Graphically I do a few interesting things. The sheep are cel shaded, giving them that lovely cartoony look. I was blown away by Jet Set Radio and Wind Waker is still one of the prettiest games ever made IMHO. I realise this is a marmite thing and some people hated the look of Wind Waker, but I'm also the kind of person that looks at Doom 4 and thinks: wow, that looks really expensive and meh that looks like every other (space) marine shooter since, well Doom. For the outlines I use a Sobel filter which is a screen space effect which draws black when there is a sharp change in depth. IMO it looks nicer than the inverse hull method where you draw the back faces of the model but scaled up slightly. The edges are more consistent, sharper and uniform, especially at polygon boundaries. I also added bloom which softens the hard edges on my low poly sheep. After some optimization it runs at 30fps on my mid-range and also an a £50 low end Lumia 435 but I have to disable the Sobel filter. The effects are somewhat let down by the ground texture and in-game card graphics, if I was to revisit them I think I could make a decent improvement as the UI cards look a fair bet better and I found a really good tutorial on how to paint grass.

The physics also deserves a quick mention, everything in the game is either a sphere, the ground or invisible walls on the sides. This design restriction means that all movement can be done using ray versus sphere or the ground/walls. Boundary checks are trivial as they are world axis aligned and you can basically subtract the radius of the sphere. In short, this combined with the low polycount for the sheep means I can have a large number of sheep onscreen being lobbed all over the place.


I had hoped that the distinctiveness of the game, compared to Lucky Rabbit Slots, would mean I could generate some publicity. Sadly this was not the case, I did manage to get rated as a Hero App on AdDuplex and consequently got a review on Windows Central. Unfortunately the review did not go well as well as I'd hoped. One downside of releasing early and iterating is that people may see a product which is incomplete or unpolished. Ususally this does not matter too much as the price of early feedback is a poorer impression with early users. This is of course not true when it comes to a review, a big feature push just before the review compunded my problems as I also introduced a framerate issue. Feedback from the review was definately handy, I'd made the decision to fire the gun just above your fingertip so the point of impact and any potential sheep destruction isn't obscured by your finger. Most players automatically adapt to this without thinking about it, but I've since added a targetting recticle to make it clear what is going on. The reviewer was also unable to get past the early levels, this became apparent as in the review he recommends adding grenades to the game, but if he'd have gotten to level 4 he would have unlocked the missile which is pretty much what he was asking for. As a response I made the early part of the game a lot easier and added in some tutorial stages.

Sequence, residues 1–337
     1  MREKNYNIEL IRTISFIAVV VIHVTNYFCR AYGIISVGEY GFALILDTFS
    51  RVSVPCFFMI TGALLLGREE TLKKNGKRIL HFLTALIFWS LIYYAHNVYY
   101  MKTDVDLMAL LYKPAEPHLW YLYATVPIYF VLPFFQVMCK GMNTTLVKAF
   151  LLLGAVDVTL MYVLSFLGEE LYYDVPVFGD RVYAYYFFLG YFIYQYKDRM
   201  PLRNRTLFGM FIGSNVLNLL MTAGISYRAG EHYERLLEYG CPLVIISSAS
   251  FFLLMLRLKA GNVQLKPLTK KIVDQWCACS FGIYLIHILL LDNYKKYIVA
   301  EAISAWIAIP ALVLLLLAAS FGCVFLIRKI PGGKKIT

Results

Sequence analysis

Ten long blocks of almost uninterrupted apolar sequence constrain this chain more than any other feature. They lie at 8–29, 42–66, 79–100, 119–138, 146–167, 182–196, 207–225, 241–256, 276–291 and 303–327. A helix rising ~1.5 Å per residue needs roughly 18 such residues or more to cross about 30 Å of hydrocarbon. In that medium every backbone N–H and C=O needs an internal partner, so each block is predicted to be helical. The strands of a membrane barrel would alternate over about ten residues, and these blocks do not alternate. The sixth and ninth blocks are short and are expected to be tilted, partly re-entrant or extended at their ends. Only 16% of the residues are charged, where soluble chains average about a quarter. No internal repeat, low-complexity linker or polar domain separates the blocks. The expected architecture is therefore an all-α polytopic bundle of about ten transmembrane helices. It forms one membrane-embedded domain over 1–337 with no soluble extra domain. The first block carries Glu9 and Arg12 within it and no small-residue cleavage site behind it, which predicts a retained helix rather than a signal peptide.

I was also coming to the conclusion that if placement on the store was looking unlikely, other methods of promotion such as reviews and viral growth had poor prospects on Windows Phone. Microsoft also looked like it was abandoning the platform as Satya Nedalla did not seem as committed to the Windows Phone as his predecessor. One particular turning point was watching this video. It didn't make a huge amount of sense to me, he seems quite into the cloud, I suspect he's planning on moving there but without Microsoft's wholehearted support, Windows Phone is dead. So with some regret I decided to make a fairly big pivot to iOS/Android and also abandoning native development for Unity.

Sleepy Cow